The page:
If you are unfamiliar with Planned Parenthood of Arkansas and Eastern Oklahoma v. Jegley, it is totally understandable. The Planned Parenthood Federation of America and co-counsel Jeffrey Fisher of Stanford Law School filed a petition for Supreme Court review on the last business day before the holidays, and, so far, the move has received little attention. Yet, the pending certiorari request raises compelling issues: a major threat to abortion access in Arkansas and a lower federal court’s egregious departure from binding Supreme Court precedent in addressing the case.
Specifically, Planned Parenthood is asking the justices to review and correct an abortion decision last July by a three-judge panel of the U.S. Court of Appeals for the Eighth Circuit (covering Arkansas, Missouri, Nebraska, North Dakota, South Dakota, Iowa, and Minnesota). The panel’s ruling overturned a properly granted preliminary injunction blocking an Arkansas requirement that would, if allowed to be implemented, effectively ban medication abortion in the state, achieving a dubious national first. That would leave the entire state of Arkansas with just a single abortion provider—one that performs surgical abortions only.
But that large and detrimental potential impact is not the only reason the Eighth Circuit ruling stands out, and not in a good way. The law at issue, Arkansas Act 577, requires that doctors who provide early abortions using a combination of two pills, mifepristone and misoprostol, enter into a medically unnecessary contract with a second doctor who holds hospital admitting privileges and agrees to handle complications.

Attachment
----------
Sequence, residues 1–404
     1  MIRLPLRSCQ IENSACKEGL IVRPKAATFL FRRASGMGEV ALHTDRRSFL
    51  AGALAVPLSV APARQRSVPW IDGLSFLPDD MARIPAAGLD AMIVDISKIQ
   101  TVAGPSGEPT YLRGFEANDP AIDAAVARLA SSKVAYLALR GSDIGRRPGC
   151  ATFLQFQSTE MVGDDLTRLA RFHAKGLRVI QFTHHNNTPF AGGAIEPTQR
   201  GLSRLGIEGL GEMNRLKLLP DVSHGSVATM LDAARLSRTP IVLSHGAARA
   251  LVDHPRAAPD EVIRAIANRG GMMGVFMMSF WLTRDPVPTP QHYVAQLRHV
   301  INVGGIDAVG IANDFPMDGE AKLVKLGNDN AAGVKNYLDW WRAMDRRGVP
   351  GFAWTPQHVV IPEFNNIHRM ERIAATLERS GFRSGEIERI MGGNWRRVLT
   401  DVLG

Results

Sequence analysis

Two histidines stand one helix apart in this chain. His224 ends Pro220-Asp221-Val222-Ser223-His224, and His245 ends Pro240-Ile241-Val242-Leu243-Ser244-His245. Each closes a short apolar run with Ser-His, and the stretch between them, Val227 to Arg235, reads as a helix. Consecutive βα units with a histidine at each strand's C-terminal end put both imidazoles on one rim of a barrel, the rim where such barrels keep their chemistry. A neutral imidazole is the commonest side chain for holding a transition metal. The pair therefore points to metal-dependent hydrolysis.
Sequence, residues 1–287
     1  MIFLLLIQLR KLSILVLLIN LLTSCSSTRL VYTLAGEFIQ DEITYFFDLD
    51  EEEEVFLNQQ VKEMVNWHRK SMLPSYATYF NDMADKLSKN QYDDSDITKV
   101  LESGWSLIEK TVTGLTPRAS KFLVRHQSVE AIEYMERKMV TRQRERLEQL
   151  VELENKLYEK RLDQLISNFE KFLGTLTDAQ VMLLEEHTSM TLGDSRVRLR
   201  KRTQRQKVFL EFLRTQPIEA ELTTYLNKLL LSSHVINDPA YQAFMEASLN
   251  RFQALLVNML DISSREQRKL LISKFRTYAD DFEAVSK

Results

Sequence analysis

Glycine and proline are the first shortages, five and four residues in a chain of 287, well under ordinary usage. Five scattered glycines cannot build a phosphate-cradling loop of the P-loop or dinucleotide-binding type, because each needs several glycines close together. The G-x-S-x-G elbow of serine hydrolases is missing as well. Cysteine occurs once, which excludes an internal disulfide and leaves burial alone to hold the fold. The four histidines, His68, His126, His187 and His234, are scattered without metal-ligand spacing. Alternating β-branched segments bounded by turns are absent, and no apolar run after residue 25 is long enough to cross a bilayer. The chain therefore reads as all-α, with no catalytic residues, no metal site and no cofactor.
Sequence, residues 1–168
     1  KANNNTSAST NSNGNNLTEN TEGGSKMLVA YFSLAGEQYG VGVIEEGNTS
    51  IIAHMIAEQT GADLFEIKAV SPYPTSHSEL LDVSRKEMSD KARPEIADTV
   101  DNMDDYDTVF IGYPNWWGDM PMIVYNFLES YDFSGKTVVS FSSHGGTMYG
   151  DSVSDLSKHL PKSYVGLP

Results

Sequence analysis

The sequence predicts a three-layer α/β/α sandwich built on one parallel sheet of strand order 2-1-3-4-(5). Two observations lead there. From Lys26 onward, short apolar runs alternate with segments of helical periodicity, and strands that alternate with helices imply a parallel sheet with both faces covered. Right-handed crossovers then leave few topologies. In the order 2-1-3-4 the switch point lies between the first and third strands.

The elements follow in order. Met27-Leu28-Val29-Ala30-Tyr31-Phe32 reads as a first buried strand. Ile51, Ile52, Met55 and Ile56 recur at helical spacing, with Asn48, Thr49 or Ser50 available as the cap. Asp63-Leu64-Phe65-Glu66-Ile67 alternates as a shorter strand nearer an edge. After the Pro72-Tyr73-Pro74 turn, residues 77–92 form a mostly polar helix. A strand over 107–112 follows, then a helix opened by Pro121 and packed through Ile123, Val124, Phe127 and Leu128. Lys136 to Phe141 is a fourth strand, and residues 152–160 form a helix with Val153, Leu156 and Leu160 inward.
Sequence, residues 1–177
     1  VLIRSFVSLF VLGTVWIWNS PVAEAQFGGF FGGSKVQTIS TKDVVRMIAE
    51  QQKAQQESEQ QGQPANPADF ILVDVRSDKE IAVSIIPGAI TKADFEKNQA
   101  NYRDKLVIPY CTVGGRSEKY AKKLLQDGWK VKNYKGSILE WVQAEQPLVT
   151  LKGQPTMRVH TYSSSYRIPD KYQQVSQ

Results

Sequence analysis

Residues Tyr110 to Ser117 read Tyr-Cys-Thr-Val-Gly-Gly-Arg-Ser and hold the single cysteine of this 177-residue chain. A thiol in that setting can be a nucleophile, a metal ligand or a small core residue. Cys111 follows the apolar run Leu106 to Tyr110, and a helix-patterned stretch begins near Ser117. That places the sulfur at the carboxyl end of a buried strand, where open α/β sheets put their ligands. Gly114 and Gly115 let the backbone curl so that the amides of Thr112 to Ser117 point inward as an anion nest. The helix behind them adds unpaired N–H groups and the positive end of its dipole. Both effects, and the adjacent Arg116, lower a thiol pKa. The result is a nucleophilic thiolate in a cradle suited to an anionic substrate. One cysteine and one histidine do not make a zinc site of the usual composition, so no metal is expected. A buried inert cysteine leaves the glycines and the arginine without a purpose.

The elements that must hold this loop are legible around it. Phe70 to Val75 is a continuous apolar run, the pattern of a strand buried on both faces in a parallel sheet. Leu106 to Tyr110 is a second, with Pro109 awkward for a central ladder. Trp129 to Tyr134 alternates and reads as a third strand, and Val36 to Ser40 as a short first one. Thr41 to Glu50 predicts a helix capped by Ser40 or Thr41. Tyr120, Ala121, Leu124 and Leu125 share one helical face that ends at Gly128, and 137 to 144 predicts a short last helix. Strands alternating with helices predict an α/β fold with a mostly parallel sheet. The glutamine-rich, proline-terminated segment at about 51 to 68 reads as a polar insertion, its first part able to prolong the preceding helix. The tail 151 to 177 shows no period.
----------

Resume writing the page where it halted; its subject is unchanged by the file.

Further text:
If that requirement sound familiar, it is because it is remarkably similar to the admitting privileges requirement that the Supreme Court struck down, 5 to 3, in its landmark June 2016 abortion rights ruling, Whole Women’s Health v. Hellerstedt.
Less than two years ago, a high court majority (consisting of Justices Kennedy, Breyer, Ginsburg, Sotomayor, and Kagan) struck down a nearly identical Texas law, likewise enacted under a flimsy pretext of protecting women’s health. The Lone Star State’s restriction mandated that all physicians performing abortions, including medication abortions, obtain admitting privileges for themselves at a nearby hospital, which, as the Whole Women’s Health decision noted, are typically unattainable for political and bureaucratic reasons having nothing to do with a doctor’s competence—and Arkansas doctors would face the same problems as their Texas counterparts.
In a decision written by Justice Stephen Breyer that carefully parsed the evidence, the Supreme Court held the restriction placed an unconstitutional “undue burden” and blocked it, concluding it created a substantial obstacle to women’s access to abortion that outweighed the “virtually absent” benefits it provided.
Unfortunately, this precedent did not stop the Eighth Circuit panel from vacating the preliminary injunction that a district court judge, Kristine Baker, had imposed. The panel acted based on its own made-up test for evaluating the constitutionality of restrictions that impede women’s access to abortion rather than following the balancing test for determining an “undue burden” that the Supreme Court prescribed in Whole Women’s Health (which in turn built on its 1992 decision in Planned Parenthood of Southeastern Pennsylvania v. Casey), namely whether the benefits, if any, of an abortion restriction outweigh the burdens imposed on a fundamental constitutional right.